HealthEquity blog

Updated April 26, 2018: IRS adjusts HSA contribution limit for family plans

Posted by HealthEquity on Mar 8, 2018 10:59:36 AM

UPDATE: On April 26, 2018, the IRS reversed their guidance and restored the maximum annual contribution limit for a family HSA to $6,900 for taxpayers with qualifying coverage. Accountholders wishing to make the maximum annual contribution, and who have adjusted their current contributions based on the lower limit, may now adjust their contributions as needed.


On March 5, 2018 the IRS announced that the maximum annual HSA contribution limit for an individual with family coverage in 2018 has been lowered from $6,900 to $6,850. The maximum annual HSA contribution limit for an individual with self-only coverage remains at $3,450. There is also a $1,000 catch-up contribution available to individuals who will be at least 55 years old during 2018.

There is a possibility that this change could be reversed and/or amended. HealthEquity will be following future developments and updating this blog post with more information as it becomes available.

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Topics: HSA, HSA investing, HSA questions, HSA fees

5 more answers to top HSA questions

Posted by HealthEquity on Feb 20, 2018 12:13:12 PM

 Note: A previous blog post discussed answers to the top 10 HSA questions. We will continue to bring you answers to top HSA questions.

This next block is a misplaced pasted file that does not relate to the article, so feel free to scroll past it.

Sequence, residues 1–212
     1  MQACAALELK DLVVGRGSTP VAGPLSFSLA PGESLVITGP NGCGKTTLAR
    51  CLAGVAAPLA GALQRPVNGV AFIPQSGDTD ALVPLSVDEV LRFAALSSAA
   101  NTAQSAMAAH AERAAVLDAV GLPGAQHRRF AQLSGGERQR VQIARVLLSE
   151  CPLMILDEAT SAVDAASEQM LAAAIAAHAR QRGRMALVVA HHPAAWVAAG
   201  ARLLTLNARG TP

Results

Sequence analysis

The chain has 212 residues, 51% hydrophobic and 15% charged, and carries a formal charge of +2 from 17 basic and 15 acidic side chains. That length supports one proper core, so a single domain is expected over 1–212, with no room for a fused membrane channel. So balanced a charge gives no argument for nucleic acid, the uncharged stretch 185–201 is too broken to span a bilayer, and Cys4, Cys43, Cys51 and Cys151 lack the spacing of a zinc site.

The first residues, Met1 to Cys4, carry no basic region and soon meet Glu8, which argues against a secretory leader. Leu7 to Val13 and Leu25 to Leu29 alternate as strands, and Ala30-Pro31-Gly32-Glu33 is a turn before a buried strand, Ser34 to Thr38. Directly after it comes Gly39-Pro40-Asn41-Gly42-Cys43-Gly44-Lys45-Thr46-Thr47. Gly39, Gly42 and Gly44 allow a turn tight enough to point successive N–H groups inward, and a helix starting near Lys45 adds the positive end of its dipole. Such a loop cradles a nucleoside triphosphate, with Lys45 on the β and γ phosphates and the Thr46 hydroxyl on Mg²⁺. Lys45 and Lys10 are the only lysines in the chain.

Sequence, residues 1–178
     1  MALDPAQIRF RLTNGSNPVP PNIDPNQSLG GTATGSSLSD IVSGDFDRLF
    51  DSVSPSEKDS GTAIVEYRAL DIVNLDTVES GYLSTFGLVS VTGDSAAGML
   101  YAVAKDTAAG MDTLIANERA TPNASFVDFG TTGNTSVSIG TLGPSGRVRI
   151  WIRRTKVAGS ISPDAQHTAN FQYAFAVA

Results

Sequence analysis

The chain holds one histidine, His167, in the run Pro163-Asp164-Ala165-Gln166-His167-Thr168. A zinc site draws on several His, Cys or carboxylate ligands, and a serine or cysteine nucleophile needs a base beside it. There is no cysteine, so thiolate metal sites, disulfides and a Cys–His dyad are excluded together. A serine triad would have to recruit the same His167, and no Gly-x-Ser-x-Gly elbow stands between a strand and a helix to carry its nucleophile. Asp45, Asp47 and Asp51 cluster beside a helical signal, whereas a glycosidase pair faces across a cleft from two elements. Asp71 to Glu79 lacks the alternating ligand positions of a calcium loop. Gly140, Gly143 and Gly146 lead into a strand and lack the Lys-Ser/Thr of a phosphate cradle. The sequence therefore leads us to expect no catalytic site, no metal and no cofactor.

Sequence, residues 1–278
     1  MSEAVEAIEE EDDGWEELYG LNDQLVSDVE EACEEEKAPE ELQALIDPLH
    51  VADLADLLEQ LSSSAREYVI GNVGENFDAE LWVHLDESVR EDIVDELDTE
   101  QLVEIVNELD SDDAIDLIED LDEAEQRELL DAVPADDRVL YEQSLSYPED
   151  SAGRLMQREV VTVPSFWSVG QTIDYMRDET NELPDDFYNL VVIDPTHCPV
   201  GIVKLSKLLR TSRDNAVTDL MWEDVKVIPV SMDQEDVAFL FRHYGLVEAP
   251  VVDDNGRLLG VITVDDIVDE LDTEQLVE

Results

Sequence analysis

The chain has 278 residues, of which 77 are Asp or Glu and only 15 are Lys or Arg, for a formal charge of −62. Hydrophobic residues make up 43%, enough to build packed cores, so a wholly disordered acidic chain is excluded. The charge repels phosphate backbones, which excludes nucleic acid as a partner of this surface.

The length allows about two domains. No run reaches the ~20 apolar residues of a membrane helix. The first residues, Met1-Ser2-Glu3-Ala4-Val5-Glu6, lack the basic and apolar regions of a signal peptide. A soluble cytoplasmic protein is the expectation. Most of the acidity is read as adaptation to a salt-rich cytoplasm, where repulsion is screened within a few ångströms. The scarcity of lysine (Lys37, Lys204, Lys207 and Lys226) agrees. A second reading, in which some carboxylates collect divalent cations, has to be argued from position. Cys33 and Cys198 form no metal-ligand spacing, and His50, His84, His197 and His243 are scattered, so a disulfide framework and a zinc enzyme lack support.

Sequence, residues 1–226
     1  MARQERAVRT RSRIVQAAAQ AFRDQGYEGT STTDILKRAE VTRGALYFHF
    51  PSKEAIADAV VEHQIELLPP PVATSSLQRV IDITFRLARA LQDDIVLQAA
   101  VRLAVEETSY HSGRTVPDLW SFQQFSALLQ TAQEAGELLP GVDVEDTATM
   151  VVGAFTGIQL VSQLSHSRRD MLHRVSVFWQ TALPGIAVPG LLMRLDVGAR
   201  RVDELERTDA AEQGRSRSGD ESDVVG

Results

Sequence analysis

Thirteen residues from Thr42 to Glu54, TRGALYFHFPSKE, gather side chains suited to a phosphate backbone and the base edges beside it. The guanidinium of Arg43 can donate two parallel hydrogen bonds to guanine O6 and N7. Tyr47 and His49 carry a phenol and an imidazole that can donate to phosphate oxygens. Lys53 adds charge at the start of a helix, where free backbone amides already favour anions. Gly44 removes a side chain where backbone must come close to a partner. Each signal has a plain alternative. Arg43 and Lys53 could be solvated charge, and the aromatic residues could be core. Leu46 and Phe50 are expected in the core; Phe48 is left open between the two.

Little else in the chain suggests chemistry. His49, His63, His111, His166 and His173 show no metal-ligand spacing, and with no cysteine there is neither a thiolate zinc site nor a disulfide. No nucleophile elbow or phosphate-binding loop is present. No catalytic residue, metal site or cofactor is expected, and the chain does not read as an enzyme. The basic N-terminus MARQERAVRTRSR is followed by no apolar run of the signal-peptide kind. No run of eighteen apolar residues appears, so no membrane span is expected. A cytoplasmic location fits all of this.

This post is part of our ongoing series of articles related to the top questions about HSAs. The following questions are popular questions about using an HSA to save.



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Topics: HSA, HSA investing, HSA questions, HSA fees

4 ways to 'work the system' with an HSA

Posted by HealthEquity on Feb 12, 2018 5:42:15 PM

An HSA is a great complement to a high-deductible health plan, especially when factoring in tax savings and other advantages. In addition, savvy users can take advantage of some creative ways to maximize HSA benefits even more through these easy-to-follow tips:

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Topics: HSA, tax savings, HSA questions

Why Americans can't afford NOT to have an HSA

Posted by HealthEquity on Jan 29, 2018 11:55:00 PM

why americans cant afford not to have an hsaTo those who don’t quite understand how HSA-qualified plans work, a high deductible seems daunting. Many may say that they can’t afford the high-deductible and so they select a traditional plan and pay the significantly higher premiums typically associated with it.

Because HSA-qualified health plans have higher deductibles, the burden of upfront medical costs is more immediately apparent to those who have this type of coverage.  The plans usually have smaller monthly premiums, but the trade-off is more out-of-pocket expenses before insurance kicks in. While at first, this may be perceived as a negative, knowing you’re on the hook for more of your medical bills may actually push you to find smarter ways to put your HSA dollars to work and save.

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Topics: HSA, Benefit planning, Cost management, Employers, tax savings, HSA contributions

Create valuable incentives with HSA matching

Posted by HealthEquity on Jan 22, 2018 11:23:00 PM

No one wants to leave free money on the table. That’s why incentivizing employees with an HSA match can be an effective strategy to increase use and satisfaction of an HSA-qualified health plan. To best maximize the value of your matching program, keep the following ideas in mind:

 

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Topics: HSA, Benefit planning, Cost management, Employers, tax savings, HSA contributions

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